Γιαννης Παπαδοπουλος

Barbershop politics

Jetson Grimes in his barbershop in Sarasota, Florida (Picture by: Ioannis Papadopoulos)

By Ioannis Papadopoulos

SARASOTA- It had been a long day for Jetson Grimes. And now it was about to end, lifting his dreams or crushing his hopes.

The tires of his Chevy dug a muddy trail on his front yard. An anxious breath escaped his lips as he walked to his front door. His arms loose, his shoulders weak, his voice dark and deep, cracked as if he were a blues singer.

“I don’t know darling,” he told his wife. “What if we don’t succeed?” She grasped his shoulders and looked him in the eye. “Go and return victorious,” she said.

A kiss, a hug and a smile later, Grimes left his house. “Let’s do it baby!” he said. “Let’s rock ‘n’ roll!”

The moment passed, a rarity for Grimes, in his two year campaign journey for Barack Obama, the first black man with a real shot of becoming the next United States president. He is not a man to doubt. A barber by trade, here in Newtown, the largely black neighborhood of Sarasota, Fla., Grimes is known as “the general:” A man who fights, who leads, who inspires. But for a moment, three hours before the announcement of the election results, Jetson Grimes had second thoughts. An agonizing series of “What ifs…” pinched his mind on the very cusp of the biggest night, the biggest victory in a lifetime of fighting for social justice.

It wasn’t a pessimist’s prediction or a coward’s fear that drove Grimes to his home and his wife’s reassurance on Election Day. It was his past. He knew that “change” has never come easy.


Grimes, 68, grew up exiled behind the color line. Newtown, his neighborhood, is a place of pariahs, crime and poverty in the sunshine city of Sarasota. About 9,000 people –mostly African Americans- live here and unemployment has reached 30 percent. Out his barbershop window on Martin Luther King Drive, Grimes looks at stray dogs and police cars, while the streets that lead to Newtown pass through spas and plastic surgery clinics. The average salary in Sarasota is $50,000 a year, while in Newtown it’s about $7,200.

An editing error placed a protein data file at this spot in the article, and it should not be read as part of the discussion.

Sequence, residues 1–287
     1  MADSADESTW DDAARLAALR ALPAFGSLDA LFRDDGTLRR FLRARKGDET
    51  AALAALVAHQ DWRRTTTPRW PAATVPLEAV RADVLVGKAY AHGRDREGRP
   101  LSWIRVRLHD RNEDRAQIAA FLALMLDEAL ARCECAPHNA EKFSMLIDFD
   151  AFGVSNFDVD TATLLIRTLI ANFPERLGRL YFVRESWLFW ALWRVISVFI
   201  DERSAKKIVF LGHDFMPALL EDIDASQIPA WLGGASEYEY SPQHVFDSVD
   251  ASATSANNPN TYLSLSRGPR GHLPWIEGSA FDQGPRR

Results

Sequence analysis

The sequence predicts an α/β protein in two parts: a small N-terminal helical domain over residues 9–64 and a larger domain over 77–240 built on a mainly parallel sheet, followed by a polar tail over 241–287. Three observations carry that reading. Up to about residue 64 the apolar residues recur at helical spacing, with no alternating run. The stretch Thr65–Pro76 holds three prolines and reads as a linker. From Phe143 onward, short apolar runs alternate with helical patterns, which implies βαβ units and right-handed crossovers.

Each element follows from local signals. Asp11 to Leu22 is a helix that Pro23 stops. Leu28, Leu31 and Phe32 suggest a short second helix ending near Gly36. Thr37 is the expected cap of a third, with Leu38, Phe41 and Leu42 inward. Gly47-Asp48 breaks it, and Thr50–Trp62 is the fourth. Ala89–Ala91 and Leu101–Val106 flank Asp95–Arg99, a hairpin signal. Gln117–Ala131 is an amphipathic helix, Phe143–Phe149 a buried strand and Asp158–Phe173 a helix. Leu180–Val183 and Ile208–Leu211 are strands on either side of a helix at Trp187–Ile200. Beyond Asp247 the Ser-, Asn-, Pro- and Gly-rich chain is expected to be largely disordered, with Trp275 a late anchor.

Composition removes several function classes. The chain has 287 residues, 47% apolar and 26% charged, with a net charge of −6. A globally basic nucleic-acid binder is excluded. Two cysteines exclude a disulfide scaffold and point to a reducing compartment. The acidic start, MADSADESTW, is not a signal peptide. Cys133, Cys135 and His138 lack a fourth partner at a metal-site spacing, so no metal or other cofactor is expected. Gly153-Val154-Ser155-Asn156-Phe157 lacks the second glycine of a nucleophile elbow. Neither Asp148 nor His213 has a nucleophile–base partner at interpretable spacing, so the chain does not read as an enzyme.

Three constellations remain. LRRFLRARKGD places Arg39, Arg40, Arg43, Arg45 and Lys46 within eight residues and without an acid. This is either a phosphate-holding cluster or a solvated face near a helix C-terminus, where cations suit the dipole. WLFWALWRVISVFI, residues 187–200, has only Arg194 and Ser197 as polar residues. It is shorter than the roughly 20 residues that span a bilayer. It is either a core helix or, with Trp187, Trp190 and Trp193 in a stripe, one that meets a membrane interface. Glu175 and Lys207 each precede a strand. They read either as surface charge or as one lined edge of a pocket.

As an African American in the racially divided South, Grimes as a child could swim only in swamps, or “holes with salted water, filled with rocks and jellyfish.” Sarasota’s sandy beaches were a luxury only the whites could enjoy. In the ‘50s, less than two miles of Florida’s coastline were officially “set aside for Negro use.”

In 1955, black Sarasotans led by Neil Humphrey, a World War II veteran, began to challenge segregation. They drove to the Lido beach, an exotic and forbidden place for them. They swam in waters they shouldn’t touch. Among them was a boy in his early teens, Jetson Grimes.

“The first day we went to the beach, they [the whites] welcomed us with rocks and bricks,” Grimes said. “We didn’t give up. We went there the day after. They formed a human chain on the sand. They didn’t want us to swim there. But we drove there again and again, until we broke the color line.”

Swimming wasn’t the only forbidden fruit for Sarasota’s African Americans. They could watch movies at the local Gem theatre only from the balcony. Those days, your skin color was a ticket to a better seat. Grimes would stand on this balcony shoulder to shoulder with his friends to watch his favorite John Wayne movies.